January dawned full of promise and quickly became a battleground.

On the 13th, his due date, our new grandson, Huxley James was born to our lovely daughter Christina and her wonderful husband James.
The delivery was very complicated and Huxley suffered considerably as the doctors fought to get him out. He was taken to the amazing neo-natal unit at St Thomas’s hospital, London and was in intensive care for 10 days. The prognosis was not good but he has so far exceeded clinical expectations. cutieHe came off the ventilator a week ago and is breathing beautifully. He was assessed for movement and sucking and there are some concerns but many positives. We have yet to see what his future needs will be. For now we watch, wait and pray with them all and enjoy this very beautiful latest addition to our family.

Liza’s trip to Kenya was hanging in the balance but with Huxley now stable we have all decided together to proceed with the trip.
Liza will arrive in Kenya next Friday the 3rd February and will begin preparations for the wheelchair distribution.

She’ll be blogging on a far more frequent basis than we have done of late so you have been duly warned!

Relinquishing and resuming

Autumn has given way to Advent and we are learning new lessons in how to both relinquish and resume our grip on all manner of things.

Liza really enjoyed her seven weeks back teaching- the boys face many challenges in their lives and learning and yet they have so much to offer, things they can teach us if we can only find the time to pause and listen, relinquishing our grip on how we think things should be.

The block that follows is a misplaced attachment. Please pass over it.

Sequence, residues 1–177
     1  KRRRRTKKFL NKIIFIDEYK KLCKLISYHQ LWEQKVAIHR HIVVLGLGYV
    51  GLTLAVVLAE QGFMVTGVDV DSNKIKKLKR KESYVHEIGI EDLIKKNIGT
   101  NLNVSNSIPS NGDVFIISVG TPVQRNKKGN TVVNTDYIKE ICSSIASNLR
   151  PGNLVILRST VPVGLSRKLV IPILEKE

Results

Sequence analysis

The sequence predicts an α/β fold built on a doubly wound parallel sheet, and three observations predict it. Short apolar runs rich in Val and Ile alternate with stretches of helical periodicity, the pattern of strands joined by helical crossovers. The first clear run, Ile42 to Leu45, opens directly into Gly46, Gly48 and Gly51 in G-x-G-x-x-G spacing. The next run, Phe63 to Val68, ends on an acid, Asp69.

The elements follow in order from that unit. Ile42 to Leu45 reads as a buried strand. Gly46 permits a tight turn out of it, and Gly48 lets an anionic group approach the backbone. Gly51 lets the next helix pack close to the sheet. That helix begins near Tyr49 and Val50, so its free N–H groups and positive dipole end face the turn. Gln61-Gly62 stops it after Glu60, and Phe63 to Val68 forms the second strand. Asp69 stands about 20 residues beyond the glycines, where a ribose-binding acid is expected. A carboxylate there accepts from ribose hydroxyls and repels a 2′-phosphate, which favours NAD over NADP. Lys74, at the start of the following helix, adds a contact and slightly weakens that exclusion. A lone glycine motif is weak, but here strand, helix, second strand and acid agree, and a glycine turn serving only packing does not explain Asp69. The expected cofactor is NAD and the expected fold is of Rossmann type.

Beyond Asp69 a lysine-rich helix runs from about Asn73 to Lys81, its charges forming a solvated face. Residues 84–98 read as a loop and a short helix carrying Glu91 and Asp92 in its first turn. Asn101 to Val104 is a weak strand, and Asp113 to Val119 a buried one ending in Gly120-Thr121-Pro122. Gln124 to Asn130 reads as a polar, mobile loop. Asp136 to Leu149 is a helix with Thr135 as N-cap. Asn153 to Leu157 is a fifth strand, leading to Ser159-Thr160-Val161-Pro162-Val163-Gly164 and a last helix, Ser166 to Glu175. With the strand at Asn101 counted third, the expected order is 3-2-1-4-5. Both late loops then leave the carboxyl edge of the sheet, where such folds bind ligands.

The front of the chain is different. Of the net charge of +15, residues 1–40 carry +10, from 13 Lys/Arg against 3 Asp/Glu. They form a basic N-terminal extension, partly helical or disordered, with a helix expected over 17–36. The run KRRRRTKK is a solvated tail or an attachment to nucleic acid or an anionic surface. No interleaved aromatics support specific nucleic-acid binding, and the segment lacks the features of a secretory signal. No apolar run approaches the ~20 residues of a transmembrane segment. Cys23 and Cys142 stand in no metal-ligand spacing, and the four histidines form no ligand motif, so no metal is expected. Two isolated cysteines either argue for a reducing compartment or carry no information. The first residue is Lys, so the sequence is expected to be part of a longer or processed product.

David is still hopeful of finding gainful employment and in the interim he has been able to resume many of his skills and help to launch an ecumenical initiative in Chichester which will offer spiritual and pastoral support to older people.

After a break of four years, November saw us gathering with our family to celebrate Thanksgiving, this time with the additional blessing of the presence of two of our grandchildren. This in turn required a renewed willingness to relinquish our eldest daughter Lucy and family as they pursue their vocation to a parish in the Far North of New Zealand.

Meanwhile back in Kenya plans are going well for the next wheelchair distribution at Community Based Rehabilitation in Eldoret. Liza will fly out in February to join the diocesan team as once again they work with Wheels for the World to meet the needs of some of the most marginalised people in the community of the North Rift.

So we’re fairly busy in both being and doing and we are very much looking forward to resuming our family Christmas traditions later in the month.

A new season

We are now in our last month with our sending agency, Church Mission Society, and we are so very grateful and appreciative for our time together and their professionalism in preparing and sending us to Kenya, as well as our after care.

Our return to the UK has not been without its challenges.